In a D+4 Virginia poll, Public Policy Polling (PPP) found President Barack Obama had a five-point lead over Mitt Romney, but these numbers — and the partisan breakdown of the poll — are highly suspect because the same poll found Obama underperforming among black voters.
Black voters were the most enthusiastic about Obama’s candidacy in 2008. And in Virginia, blacks made up 20% of the electorate and gave Obama 92% of the vote against Sen. John McCain (R-AZ).
In PPP’s most recent poll, Obama gets 88% support among blacks in Virginia while Romney receives 8%, which is what McCain received in 2008.
In 2008, Democrats had a 6-point advantage over Republicans in Virginia and Obama carried the state by seven points, but if Obama’s most loyal and enthusiastic supporters — black voters — are less enthusiastic about his candidacy, it is safe to assume other parts of his coalition in Virginia — college students, affluent whites, and women — will be as well. This means it is unlikely Democrats will have anywhere near the seven-point advantage they had in 2008 at the polls in November.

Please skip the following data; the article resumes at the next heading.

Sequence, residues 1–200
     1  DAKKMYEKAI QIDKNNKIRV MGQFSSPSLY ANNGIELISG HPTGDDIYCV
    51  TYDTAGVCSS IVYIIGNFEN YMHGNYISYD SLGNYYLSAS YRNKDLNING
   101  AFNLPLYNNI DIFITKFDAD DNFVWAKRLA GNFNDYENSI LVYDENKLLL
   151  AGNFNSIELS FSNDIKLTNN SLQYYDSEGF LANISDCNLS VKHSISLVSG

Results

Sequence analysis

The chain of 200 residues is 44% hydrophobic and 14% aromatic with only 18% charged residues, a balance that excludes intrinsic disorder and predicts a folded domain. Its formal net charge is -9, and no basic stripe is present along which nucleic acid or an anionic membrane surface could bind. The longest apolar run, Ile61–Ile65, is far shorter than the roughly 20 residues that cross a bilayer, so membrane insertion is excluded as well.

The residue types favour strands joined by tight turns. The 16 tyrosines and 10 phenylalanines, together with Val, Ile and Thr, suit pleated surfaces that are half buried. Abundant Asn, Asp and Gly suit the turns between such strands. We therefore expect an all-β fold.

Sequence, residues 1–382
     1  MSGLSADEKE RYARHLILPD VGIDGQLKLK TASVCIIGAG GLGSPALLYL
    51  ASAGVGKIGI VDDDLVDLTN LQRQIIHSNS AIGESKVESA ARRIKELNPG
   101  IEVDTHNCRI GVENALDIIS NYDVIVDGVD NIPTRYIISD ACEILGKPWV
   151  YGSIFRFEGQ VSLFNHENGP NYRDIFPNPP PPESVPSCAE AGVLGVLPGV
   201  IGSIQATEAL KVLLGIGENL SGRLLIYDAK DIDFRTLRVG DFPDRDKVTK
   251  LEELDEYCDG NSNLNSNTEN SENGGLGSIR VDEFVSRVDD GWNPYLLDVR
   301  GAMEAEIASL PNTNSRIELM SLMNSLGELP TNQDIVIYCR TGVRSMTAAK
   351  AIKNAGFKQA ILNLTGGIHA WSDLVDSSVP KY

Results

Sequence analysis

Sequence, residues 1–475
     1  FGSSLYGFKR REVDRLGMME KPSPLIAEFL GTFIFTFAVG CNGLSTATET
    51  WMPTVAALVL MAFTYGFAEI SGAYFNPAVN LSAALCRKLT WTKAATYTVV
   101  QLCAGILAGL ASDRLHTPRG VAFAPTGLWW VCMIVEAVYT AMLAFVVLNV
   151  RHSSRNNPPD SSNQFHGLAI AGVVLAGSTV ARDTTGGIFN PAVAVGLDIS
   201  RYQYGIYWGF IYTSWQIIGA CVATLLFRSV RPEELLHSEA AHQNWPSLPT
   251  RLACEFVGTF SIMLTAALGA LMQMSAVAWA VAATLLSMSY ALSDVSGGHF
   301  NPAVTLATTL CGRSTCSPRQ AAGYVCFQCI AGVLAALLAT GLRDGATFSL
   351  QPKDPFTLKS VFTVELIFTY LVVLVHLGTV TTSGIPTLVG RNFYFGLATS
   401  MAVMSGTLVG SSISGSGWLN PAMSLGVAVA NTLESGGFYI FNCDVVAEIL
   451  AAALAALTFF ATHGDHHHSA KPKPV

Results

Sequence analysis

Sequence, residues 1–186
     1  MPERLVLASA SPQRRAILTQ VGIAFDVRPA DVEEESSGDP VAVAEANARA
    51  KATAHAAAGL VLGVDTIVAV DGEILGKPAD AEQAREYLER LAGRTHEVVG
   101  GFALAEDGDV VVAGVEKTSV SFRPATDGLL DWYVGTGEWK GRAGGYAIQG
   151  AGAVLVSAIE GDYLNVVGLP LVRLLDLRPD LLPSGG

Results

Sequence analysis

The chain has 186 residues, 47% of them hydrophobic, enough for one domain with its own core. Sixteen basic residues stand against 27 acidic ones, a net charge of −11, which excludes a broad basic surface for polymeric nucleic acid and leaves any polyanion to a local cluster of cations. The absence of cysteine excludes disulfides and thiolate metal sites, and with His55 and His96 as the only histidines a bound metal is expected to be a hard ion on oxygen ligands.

PPP surveyed 722 likely Virginia voters on October 23-24 on behalf of Health Care for American Now and the poll’s margin of error is +/-3.6%.